Hospitals all across the nation are facing a major issue: understaffing. Understaffing is an issue that afflicts many hospitals. Back in 2001, the nursing shortage was supposedly “going into crisis” as the population continued to expand.
It naturally leads to a situation where a small number of people must take care of a large number of patients. Unfortunately, this puts everyone involved in jeopardy.
Burnout due to overworking
The Guardian examines the negative impact of understaffed hospitals with overworked nurses. Overworked nurses are a symptom directly and irrefutably tied with understaffing. When a hospital does not have enough staff to rotate through shifts, nurses end up taking on grueling shifts of 12, 16, 18 hours or even more. Some nurses even report simply taking “short rests” of several hours in the staff lounge and then starting their next shift.
Ties to patient safety risk
Needless to say, this leads to a high rate of burnout, along with physical and mental distress on the nursing staff. On top of that, it also puts the patients at risk. It is simply impossible to continue working at peak performance after such long shifts.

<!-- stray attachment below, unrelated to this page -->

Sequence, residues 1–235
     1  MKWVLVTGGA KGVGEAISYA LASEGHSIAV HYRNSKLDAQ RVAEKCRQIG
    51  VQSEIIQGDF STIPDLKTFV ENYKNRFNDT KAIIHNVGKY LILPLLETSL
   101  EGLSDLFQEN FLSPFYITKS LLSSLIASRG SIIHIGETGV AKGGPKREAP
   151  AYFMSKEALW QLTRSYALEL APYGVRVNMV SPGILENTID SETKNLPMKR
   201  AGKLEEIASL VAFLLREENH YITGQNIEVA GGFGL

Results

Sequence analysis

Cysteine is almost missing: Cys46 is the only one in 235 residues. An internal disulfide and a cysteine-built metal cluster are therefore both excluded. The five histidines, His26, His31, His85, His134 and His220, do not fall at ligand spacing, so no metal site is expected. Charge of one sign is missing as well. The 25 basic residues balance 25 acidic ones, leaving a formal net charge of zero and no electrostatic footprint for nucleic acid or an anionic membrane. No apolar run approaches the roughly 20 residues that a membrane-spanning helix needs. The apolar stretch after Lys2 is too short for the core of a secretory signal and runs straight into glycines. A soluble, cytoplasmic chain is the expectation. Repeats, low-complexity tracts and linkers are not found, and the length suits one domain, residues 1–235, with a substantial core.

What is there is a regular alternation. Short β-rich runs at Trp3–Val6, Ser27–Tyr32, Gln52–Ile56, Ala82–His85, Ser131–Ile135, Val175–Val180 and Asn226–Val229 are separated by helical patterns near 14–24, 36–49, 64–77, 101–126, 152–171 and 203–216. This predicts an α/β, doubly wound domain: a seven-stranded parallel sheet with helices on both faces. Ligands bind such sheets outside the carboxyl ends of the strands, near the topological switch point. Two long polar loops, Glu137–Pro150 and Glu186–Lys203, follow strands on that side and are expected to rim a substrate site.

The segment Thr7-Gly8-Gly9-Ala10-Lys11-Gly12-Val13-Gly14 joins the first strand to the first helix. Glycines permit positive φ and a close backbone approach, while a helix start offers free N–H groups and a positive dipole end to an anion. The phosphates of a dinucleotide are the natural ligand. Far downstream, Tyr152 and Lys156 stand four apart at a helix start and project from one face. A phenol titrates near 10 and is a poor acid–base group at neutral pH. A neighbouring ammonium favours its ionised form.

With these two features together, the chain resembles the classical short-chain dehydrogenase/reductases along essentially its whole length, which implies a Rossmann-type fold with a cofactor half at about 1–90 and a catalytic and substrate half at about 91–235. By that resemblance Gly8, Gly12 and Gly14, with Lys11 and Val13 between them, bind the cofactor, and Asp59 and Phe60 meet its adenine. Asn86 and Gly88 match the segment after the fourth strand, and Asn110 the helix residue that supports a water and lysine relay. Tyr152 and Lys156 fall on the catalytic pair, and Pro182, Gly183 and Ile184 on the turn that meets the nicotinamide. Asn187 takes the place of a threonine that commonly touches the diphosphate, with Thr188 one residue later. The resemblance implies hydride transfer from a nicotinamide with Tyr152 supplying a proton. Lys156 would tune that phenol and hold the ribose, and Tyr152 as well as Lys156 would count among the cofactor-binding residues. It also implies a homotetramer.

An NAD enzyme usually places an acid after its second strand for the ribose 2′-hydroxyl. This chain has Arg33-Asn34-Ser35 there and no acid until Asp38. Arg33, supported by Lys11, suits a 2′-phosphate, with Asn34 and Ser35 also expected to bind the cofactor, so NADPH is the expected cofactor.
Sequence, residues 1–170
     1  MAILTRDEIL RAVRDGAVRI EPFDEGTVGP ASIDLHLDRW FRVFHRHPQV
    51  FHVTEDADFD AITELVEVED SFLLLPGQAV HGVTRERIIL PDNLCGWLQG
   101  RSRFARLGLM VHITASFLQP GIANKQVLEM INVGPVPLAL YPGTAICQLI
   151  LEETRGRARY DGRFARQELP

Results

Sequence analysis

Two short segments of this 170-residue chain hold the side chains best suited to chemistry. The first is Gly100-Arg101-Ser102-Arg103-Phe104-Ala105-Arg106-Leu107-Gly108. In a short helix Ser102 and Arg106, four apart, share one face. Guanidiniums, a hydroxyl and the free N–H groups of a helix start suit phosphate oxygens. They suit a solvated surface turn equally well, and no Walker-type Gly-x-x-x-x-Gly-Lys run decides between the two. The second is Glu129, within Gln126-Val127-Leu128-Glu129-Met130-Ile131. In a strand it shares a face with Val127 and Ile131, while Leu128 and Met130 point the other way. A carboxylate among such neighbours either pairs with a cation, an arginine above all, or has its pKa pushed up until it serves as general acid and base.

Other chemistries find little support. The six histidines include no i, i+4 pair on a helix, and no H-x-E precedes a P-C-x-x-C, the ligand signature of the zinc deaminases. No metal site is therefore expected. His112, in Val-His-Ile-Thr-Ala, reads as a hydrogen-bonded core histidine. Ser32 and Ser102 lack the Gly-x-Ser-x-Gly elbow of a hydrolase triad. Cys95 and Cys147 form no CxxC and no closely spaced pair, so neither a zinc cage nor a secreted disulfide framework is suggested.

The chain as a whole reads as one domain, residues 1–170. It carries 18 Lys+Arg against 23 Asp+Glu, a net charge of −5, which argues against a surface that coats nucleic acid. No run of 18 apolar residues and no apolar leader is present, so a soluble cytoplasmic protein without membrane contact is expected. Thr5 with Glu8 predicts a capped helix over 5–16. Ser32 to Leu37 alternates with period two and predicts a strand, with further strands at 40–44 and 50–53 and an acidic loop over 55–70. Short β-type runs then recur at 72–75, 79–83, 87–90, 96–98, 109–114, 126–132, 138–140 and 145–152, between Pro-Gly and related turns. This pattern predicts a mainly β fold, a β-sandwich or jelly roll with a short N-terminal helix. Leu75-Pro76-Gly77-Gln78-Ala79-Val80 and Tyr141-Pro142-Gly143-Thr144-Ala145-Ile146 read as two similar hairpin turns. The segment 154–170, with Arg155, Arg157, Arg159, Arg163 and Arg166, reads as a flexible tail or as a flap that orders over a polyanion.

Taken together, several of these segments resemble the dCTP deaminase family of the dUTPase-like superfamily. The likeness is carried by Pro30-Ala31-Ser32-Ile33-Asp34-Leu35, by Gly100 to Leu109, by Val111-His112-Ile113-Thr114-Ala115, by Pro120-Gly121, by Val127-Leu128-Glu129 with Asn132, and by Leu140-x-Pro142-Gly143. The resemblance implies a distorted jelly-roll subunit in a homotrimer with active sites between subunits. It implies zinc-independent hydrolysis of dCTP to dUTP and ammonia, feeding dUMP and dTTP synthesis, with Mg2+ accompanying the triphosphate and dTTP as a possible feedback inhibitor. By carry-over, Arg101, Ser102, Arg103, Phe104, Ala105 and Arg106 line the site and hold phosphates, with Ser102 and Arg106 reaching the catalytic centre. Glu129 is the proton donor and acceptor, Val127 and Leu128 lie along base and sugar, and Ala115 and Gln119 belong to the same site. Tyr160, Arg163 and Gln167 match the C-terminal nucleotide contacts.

The increase in a nurse’s shift length also increases the chance of a mistake happening. Nurses may miss the signs of an issue they could have caught in early stages. They might mix up medication between patients. They might misremember a crucial allergy. They may even forget to check on patients entirely.
Needless to say, this can lead to crimes of negligence and hospital errors that can cost a life. If you are facing such a condition, you may wish to seek legal aid about what to do next.